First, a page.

Measure 1 Receives Endorsement From the United Tribes of North Dakota
"People trust their government to be transparent and accountable to the people, not corporations, lobbyists, and other special interests that seek to harm our lands or our citizens for profit." —United Tribes of North Dakota
Nov. 4., 2018, BISMARCK, ND— The United Tribes of North Dakota—comprised of leadership from The Mandan Hidatsa Arikara Nation, The Sisseton Wahpeton Oyate, The Spirit Lake Nation, The Standing Rock Sioux, and the Turtle Mountain Band of Chippewa Indians—has pledged support for Measure 1, the North Dakota Anti-Corruption Amendment. Measure 1 is the only measure endorsed by the United Tribes of North Dakota in 2018.
"Our state was named for the Dakota people. Dakota means friend. But our state government has not always been friendly to its first people, and so we are honored by this decision by the United Tribes of North Dakota to support Measure 1," said Dina Butcher, President of North Dakotans for Public Integrity. "Despite the many barriers placed in front of tribes and their members through direct action of our state government, North Dakota Native Americans continue to serve our state and nation because they believe, like we all believe, our state must do better in terms of leaving a transparent, fair, and open system for future generations."
November 2, 2018
To Whom It May Concern:
Today, The Three Affiliated Tribes, The Sisseton Wahpeton Sioux Tribe, The Spirit Lake Tribe, The Standing Rock Sioux Tribe, and the Turtle Mountain Band of Chippewa Indians - endorse Measure 1, the North Dakota Anti-Corruption Amendment, and we encourage our people to support this common-sense amendment to the North Dakota state constitution with their votes.
Measure 1 lays out simple principles for transparency, integrity, and accountability that we value as sovereign nations. People trust their government to be transparent and accountable to the people, not corporations, lobbyists, and other special interests that seek to harm our lands or our citizens for profit. We believe Measure 1 will improve the unique government-to-government relationship our nations have with the state of North Dakota.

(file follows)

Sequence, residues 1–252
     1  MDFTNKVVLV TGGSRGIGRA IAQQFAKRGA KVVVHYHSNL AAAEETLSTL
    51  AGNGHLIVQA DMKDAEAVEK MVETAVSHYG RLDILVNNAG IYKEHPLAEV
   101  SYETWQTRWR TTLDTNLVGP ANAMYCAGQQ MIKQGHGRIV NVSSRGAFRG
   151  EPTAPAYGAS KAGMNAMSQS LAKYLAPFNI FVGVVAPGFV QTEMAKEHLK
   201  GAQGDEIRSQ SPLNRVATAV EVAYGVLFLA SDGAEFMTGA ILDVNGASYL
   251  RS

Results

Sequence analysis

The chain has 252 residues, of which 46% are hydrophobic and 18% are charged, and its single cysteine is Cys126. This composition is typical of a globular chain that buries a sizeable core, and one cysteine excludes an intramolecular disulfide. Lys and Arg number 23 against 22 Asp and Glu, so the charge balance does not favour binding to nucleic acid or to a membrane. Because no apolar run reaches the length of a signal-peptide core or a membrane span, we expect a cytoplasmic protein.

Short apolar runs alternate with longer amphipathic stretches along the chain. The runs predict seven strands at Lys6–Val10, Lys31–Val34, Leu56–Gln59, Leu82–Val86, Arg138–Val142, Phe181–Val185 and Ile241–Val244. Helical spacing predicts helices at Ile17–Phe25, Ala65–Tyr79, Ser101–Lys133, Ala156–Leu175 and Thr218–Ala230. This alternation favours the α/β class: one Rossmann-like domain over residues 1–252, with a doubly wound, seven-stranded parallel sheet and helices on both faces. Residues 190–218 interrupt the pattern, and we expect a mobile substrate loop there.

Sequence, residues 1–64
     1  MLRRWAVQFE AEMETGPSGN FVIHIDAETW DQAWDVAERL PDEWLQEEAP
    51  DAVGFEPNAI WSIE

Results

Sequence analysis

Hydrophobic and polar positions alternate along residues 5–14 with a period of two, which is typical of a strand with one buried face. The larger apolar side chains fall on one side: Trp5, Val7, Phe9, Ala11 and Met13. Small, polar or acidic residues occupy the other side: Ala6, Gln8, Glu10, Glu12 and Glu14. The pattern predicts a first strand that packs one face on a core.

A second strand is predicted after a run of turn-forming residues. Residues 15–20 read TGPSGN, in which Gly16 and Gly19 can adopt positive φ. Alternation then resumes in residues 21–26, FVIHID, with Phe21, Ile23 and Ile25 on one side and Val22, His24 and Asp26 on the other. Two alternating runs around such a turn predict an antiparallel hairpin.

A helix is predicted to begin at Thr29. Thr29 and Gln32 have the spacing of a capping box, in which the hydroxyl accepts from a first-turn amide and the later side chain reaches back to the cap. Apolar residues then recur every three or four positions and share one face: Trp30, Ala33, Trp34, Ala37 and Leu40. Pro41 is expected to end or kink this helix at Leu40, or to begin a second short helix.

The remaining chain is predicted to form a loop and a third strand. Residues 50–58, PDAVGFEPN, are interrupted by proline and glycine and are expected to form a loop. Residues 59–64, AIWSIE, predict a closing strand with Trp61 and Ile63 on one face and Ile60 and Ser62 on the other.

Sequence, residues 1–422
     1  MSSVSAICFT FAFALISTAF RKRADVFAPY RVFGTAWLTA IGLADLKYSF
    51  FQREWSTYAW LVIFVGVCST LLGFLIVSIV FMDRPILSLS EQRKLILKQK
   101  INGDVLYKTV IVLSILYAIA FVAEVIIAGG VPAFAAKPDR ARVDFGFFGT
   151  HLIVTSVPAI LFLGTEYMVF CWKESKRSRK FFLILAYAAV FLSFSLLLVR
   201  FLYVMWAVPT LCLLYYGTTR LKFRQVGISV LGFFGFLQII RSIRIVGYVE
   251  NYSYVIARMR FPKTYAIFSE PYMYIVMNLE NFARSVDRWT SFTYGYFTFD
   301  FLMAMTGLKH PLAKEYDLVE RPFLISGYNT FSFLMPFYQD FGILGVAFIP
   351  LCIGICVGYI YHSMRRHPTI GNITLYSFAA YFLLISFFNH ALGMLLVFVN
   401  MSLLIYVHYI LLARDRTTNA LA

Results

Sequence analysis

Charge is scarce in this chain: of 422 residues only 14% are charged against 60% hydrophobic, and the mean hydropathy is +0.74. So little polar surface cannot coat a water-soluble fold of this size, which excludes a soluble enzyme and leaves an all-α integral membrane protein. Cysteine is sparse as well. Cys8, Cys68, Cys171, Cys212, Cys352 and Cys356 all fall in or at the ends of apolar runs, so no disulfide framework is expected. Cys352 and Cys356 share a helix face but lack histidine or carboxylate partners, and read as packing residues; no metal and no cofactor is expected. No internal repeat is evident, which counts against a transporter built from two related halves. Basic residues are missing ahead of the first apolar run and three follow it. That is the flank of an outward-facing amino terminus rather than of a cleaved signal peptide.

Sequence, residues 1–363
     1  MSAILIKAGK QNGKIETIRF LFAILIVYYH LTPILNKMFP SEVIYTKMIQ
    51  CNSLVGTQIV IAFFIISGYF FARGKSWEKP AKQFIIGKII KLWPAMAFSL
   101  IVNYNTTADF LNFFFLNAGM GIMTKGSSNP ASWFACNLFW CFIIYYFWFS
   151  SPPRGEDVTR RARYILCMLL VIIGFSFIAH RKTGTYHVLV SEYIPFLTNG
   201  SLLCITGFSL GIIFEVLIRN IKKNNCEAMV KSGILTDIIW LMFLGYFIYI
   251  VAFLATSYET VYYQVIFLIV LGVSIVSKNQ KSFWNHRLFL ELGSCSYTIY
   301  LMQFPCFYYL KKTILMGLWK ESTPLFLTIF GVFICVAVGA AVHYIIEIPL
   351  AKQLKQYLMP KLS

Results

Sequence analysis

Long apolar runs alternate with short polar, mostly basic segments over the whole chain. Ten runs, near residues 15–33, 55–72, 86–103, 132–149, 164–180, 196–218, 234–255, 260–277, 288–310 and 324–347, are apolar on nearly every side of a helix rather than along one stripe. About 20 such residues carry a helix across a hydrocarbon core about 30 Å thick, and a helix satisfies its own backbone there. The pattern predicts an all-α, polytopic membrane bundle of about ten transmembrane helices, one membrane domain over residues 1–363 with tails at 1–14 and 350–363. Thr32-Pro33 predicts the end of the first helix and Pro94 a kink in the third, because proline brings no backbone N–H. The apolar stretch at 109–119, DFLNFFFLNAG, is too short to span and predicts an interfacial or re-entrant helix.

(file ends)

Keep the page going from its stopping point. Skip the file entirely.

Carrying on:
Measure 1 will stop the flow of secret money into state elections, restricts lobbyist gifts to elected officials and public employees and by closing the revolving door of public officials who become lobbyists. Measure 1 will also establish a statewide ethics commission that will also reassure citizens and taxpayers that someone is watching the behavior of legislators, elected officials, and state employees. The ethics commission is a long-needed impartial source of information for all the people of North Dakota.
For these reasons, we the five sovereign tribal nations of the state of North Dakota, urge a “yes” vote on Measure 1 on November 6th.
Chairman, United Tribes of North Dakota
Chairman, Sisseton Wahpeton Sioux Tribe
"The North Dakota Anti-Corruption Amendment, developed by North Dakotans for North Dakotans, was clearly and carefully written by former elected and appointed public officials, educators, public policy specialists, and attorneys to preserve and protect the integrity of North Dakota and its government from the undue influence of special interests," said Ellen Chaffee, Vice President, North Dakotans for Public Integrity.
In addition to increasing transparency and stopping the flow of 'dark money,' Measure 1 would ban foreign political spending, prohibit lobbyists from simultaneously serving as elected officials, close the revolving door between public service and lobbying, and banning gifts from lobbyists, and establish a state ethics commission to provide oversight and ensure accountability.
More information and the full text of the North Dakota Anti-Corruption Amendment can be found at www.ndintegrity.org.
Background: North Dakotans for Public Integrity media announcements.
ABOUT NORTH DAKOTANS FOR PUBLIC INTEGRITY
Over a dozen leading North Dakotans from across the political spectrum, including former elected and appointed public officials, educators, public policy specialists, and attorneys, met weekly throughout 2017 to develop the North Dakota Anti-Corruption Amendment. They discussed the state’s needs, researched policies in many states, studied North Dakota law, interviewed public officials, met with citizens around the state, and consulted state and national experts in campaign finance, ethics, and elections. Over 36,000 North Dakota voters, thousands more than the state requires, signed on to place the measure on the November ballot.
The mission of North Dakotans for Public Integrity is to educate and inform North Dakotans about the importance of integrity and public accountability by government institutions.